Italy is safe when it comes to violent crime. But it is “dangerous” in mainly 2 ways.First: They do not stop at pedestrian crossings ! Second: in terms of petty theft: Purse-snatching and pickpocketing are rampant in places where tourists gather. American tourists usually have all the good stuff in their bags and wallets. Loaded down with valuables, jetlagged, and bumbling around in a strange new environment, stick out like jeweled thumbs. Street thief in Europe, prefer tourists. You should be on guard, to avoid to have something stolen. If you let your guard you might lose your camera. It ruins your day and you have to buy a new one. It helps getting over it, if we consider its for a week’s wages on the thieves scale. Note that, nearly all theft suffered by tourists are nonviolent and avoidable. Be aware of the pitfalls of traveling, but relax and have fun. Limit your vulnerability rather than your travels. Be Prepared Before you go, you can take some steps to minimize your loss in case of theft. Make photocopies of key documents— your passport, car-rental voucher, itinerary, prescriptions (for eyewear and/or medicine), and more — to bring along. For a backup, leave a copy with loved ones, too, in case you lose your copy and need to have one faxed to you. You could also bring a couple of extra passport pictures. If you have expensive electronics (camera, tablet, smartphone, etc.), consider getting theft insurance. Take a picture of your pricey gear and store the picture at home, in case it’ll help you settle an insurance claim. As you travel, back up your digital photos and other files frequently. Leave your fancy bling at home. Luxurious luggage lures thieves. The thief chooses the most impressive suitcase in the pile. Avoiding Theft: If you exercise adequate discretion, stay aware of your belongings, and avoid putting yourself into risky situations (such as unlit, deserted areas at night). You trip will not be more dangerous as hometown grocery shopping. Don’t travel fearfully — travel carefully. Here’s some advice: Wear a money belt. A money belt is a small, zippered fabric pouch on an elastic strap that fastens around your waist, under your pants or skirt. You can put there anything you really, really don’t want to lose. Leave your valuables in your hotel room. In Europe is enough to show the card of your hotel to prove yourself. Expensive gear, such as your laptop, is much safer in your room than with you in a day bag on the streets. While hotels often have safes in the room (or at the front desk), they are a source of great comfort. Establish a “don’t lose it” discipline. Travelers are more likely to inadvertently lose their bags than to have them stolen. Always take a look behind you before leaving any place or form of transport. At hotels, stick to an unpacking routine, and don’t put things in odd places in the room. Run through a mental checklist every time you pack up again: money belt, passport, phone, electronic gear, charging cords, toiletries, laundry, and so on. Before leaving a hotel room for good, conduct a quick overall search — under the bed, under the pillows and bedspread, behind the bathroom door, in a wall socket... When you’re out and about, never idly set down any small valuable item, such as a camera, ereader, or wallet. Either hold it in your hand or keep it tucked away. At cafés, don’t place your phone on the tabletop where it will be easy to snatch — leave it in your front pocket (then return it to a safer place before you leave). Make it a habit to be careful with your things; it’ll become second nature. Secure your bag. Thieves want to quickly and unobtrusively separate you from your valuables, so even a minor obstacle can be an effective deterrent. If you’re sitting down to eat or rest, loop a strap of your daypack around a chair leg. If you plan to sleep on a train (or at an airport, or anywhere in public), clip or fasten your pack or suitcase to the seat, luggage rack, or yourself. Even the slight inconvenience of undoing a clip deters most thieves. Most zippers are lockable, and even a twist-tie, paper clip, or key ring is helpful to keep your bag zipped up tight — the point isn’t to make your bag impenetrable, but harder to get into. Stay vigilant in crowds and steer clear of commotions. Go on instant alert anytime there’s a commotion; it’s likely a smokescreen for theft. Imaginative artful-dodger thief teams create a disturbance — a fight, a messy spill, or a jostle or stumble — to distract their victims. Crowds anywhere, but especially on public transit and at flea markets, provide bad guys with plenty of targets, opportunities, and easy escape routes. Be on guard in train stations, especially upon arrival, when you may be overburdened by luggage and overwhelmed by a new location. Take turns watching the bags with your travel partner. Don’t absent mindedly set down a bag while you wait in line; always be in physical contact with your stuff. If you check your luggage, keep the claim ticket or locker key in your money belt; thieves know just where to go if they snare one of these. On the train, be hyper-alert at stops, when thieves can dash on and off — with your bag. City buses that cover tourist sights (such as Rome’s notorious #64) are happy hunting grounds. Be careful on packed buses or subways; to keep from being easy pickings, some travelers wear their day bag against their chest (looping a strap around one shoulder). Some thieves lurk near subway turnstiles; as you go through, a thief might come right behind you, pick your pocket and then run off, leaving you stuck behind the turnstile and unable to follow. If you keep alert, you’ll keep your valuables, too.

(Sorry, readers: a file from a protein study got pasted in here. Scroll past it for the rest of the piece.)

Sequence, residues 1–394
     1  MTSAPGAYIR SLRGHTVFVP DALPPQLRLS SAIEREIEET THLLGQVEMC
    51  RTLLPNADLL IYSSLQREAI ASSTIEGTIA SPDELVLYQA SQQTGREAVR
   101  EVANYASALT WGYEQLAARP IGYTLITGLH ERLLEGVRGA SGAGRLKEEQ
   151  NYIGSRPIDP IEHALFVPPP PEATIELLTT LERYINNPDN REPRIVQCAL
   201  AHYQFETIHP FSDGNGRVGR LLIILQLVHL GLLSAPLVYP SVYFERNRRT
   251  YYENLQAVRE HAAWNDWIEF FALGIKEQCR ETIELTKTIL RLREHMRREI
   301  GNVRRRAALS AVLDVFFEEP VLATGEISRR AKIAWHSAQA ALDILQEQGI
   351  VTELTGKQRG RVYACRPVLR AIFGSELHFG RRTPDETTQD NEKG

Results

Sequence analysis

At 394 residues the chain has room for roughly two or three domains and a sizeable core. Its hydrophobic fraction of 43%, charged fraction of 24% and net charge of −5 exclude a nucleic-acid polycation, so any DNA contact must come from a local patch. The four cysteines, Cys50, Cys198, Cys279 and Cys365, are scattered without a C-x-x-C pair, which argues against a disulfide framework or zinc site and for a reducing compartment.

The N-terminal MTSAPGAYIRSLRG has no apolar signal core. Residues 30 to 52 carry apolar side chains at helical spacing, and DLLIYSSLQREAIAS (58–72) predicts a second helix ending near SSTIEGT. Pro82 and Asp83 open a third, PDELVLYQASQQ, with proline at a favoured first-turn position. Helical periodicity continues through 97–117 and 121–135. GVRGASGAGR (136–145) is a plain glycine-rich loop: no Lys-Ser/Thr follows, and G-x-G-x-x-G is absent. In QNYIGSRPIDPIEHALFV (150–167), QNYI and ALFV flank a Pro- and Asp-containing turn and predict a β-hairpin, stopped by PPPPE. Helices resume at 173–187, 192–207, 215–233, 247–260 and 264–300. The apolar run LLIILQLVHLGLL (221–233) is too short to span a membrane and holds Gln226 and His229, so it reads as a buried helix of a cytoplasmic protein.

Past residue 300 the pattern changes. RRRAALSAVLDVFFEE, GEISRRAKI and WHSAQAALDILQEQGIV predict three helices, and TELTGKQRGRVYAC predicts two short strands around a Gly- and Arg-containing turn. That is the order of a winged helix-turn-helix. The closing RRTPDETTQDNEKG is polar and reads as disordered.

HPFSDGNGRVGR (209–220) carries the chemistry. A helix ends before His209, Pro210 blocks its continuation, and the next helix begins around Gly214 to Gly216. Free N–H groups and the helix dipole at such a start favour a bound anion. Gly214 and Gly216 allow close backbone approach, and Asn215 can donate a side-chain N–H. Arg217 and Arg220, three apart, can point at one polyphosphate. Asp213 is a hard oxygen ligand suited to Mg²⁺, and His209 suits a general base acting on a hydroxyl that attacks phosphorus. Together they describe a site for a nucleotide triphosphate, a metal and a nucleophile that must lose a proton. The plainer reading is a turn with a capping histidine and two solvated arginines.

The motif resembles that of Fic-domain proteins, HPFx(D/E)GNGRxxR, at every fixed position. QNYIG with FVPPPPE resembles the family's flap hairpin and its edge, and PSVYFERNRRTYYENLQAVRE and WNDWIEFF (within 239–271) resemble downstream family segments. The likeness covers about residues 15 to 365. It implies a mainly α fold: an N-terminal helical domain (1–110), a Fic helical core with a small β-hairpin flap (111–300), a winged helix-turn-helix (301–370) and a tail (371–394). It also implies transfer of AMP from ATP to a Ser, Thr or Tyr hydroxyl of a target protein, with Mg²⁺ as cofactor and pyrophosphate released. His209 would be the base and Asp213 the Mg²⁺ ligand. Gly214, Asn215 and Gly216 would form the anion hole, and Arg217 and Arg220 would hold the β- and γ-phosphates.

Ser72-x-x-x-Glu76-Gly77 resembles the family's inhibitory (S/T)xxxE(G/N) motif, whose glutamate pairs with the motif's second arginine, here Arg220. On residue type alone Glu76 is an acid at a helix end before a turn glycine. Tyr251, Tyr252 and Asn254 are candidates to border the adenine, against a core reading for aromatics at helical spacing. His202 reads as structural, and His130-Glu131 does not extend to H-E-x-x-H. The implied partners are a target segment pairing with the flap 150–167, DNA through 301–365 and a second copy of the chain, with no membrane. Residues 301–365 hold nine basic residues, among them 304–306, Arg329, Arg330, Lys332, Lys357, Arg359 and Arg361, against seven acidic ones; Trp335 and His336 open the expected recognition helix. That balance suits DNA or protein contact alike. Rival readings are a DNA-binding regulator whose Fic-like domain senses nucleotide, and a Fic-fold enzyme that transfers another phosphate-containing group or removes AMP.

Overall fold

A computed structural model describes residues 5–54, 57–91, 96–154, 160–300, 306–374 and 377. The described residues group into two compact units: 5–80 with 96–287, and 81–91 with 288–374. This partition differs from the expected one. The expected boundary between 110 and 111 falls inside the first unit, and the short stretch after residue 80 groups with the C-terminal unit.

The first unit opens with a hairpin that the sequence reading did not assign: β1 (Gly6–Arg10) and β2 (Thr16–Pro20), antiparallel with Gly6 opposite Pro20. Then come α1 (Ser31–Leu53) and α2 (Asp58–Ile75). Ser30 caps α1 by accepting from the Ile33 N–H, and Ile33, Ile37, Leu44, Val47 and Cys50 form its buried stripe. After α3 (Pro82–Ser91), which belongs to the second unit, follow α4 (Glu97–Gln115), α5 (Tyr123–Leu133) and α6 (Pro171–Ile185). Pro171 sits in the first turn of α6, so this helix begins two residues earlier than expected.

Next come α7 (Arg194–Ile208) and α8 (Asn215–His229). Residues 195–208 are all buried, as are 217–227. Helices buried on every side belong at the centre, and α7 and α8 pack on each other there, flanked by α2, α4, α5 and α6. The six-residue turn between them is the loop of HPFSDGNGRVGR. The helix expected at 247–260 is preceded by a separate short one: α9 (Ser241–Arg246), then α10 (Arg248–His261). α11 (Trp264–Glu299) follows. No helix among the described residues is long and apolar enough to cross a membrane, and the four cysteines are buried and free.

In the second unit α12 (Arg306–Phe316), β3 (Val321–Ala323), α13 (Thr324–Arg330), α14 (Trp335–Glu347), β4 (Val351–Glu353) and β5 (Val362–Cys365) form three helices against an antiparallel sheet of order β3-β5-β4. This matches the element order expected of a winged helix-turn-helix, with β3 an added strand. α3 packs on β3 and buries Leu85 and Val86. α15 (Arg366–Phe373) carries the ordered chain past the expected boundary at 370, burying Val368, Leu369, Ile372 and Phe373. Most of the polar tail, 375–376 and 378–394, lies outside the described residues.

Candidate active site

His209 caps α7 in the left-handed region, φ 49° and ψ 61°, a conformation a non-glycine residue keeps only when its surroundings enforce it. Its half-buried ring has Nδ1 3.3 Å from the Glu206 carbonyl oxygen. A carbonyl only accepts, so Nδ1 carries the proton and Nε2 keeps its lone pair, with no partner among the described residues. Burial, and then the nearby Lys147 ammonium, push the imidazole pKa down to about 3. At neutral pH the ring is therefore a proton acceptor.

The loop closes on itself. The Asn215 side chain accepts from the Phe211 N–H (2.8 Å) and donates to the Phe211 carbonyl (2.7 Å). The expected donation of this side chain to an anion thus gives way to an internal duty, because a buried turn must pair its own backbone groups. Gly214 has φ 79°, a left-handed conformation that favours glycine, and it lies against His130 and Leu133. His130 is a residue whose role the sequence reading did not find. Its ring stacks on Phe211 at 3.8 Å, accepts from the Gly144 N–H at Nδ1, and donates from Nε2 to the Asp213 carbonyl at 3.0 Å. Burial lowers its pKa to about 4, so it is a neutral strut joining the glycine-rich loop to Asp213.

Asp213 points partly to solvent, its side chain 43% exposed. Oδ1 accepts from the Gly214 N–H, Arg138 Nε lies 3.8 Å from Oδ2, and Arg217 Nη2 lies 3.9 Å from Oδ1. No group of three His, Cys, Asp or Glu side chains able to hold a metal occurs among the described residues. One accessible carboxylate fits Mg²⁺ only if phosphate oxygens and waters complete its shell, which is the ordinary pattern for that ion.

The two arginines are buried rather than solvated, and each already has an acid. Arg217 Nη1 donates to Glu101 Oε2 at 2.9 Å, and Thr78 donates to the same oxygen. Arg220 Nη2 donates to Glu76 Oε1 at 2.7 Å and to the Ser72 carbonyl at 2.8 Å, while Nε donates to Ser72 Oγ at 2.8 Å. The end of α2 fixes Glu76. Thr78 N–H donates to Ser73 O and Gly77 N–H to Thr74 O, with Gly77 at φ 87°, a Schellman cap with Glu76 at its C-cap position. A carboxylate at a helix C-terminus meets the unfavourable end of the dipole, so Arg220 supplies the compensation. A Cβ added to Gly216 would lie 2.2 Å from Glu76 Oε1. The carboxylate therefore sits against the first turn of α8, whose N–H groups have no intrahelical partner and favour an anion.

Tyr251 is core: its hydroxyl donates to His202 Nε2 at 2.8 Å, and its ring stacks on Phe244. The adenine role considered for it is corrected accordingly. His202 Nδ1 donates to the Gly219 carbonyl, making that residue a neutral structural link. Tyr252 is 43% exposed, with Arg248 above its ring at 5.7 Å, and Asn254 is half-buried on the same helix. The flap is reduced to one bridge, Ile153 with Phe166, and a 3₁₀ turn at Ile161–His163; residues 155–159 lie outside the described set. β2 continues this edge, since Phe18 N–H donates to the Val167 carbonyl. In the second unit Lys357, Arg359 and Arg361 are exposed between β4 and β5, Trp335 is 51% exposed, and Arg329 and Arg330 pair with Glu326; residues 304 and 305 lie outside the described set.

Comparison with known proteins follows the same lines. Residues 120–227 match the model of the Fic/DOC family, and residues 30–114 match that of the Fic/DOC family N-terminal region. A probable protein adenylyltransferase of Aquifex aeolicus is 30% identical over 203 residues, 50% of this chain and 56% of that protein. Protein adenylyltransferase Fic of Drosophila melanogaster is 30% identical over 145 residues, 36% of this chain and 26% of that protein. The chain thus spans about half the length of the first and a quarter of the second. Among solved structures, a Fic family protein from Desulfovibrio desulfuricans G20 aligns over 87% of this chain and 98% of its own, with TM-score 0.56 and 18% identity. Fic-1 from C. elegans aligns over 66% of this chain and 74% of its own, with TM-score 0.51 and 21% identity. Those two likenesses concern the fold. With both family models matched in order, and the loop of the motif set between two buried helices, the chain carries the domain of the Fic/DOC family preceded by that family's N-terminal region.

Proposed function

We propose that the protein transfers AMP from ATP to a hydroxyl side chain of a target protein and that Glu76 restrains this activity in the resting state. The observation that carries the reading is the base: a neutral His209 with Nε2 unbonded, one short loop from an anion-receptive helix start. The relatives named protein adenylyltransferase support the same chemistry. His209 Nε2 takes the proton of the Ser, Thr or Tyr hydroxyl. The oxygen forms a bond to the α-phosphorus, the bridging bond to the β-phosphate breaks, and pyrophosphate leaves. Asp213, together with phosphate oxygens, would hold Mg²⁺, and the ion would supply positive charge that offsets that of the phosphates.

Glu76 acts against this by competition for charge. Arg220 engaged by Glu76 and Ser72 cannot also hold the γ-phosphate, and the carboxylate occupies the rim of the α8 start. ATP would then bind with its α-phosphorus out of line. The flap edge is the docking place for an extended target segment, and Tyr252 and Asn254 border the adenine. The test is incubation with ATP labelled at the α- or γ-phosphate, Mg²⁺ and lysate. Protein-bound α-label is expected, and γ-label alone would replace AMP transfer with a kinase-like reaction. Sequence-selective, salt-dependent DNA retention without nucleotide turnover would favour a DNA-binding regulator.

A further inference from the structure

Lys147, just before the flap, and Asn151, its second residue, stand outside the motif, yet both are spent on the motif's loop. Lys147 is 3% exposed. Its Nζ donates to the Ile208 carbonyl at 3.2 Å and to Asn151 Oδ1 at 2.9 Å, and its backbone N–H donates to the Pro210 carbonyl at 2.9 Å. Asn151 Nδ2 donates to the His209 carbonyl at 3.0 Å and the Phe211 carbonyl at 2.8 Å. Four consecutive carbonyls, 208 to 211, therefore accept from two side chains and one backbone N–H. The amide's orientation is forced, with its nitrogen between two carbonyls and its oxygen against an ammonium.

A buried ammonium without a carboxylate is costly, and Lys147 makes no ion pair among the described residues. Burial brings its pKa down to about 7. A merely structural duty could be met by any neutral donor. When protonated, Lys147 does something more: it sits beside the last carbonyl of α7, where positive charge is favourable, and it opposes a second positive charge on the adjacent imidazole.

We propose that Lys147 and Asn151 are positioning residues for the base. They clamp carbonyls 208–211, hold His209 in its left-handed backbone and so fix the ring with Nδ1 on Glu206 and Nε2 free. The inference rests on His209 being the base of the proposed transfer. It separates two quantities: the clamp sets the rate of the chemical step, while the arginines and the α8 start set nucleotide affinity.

Safety and Security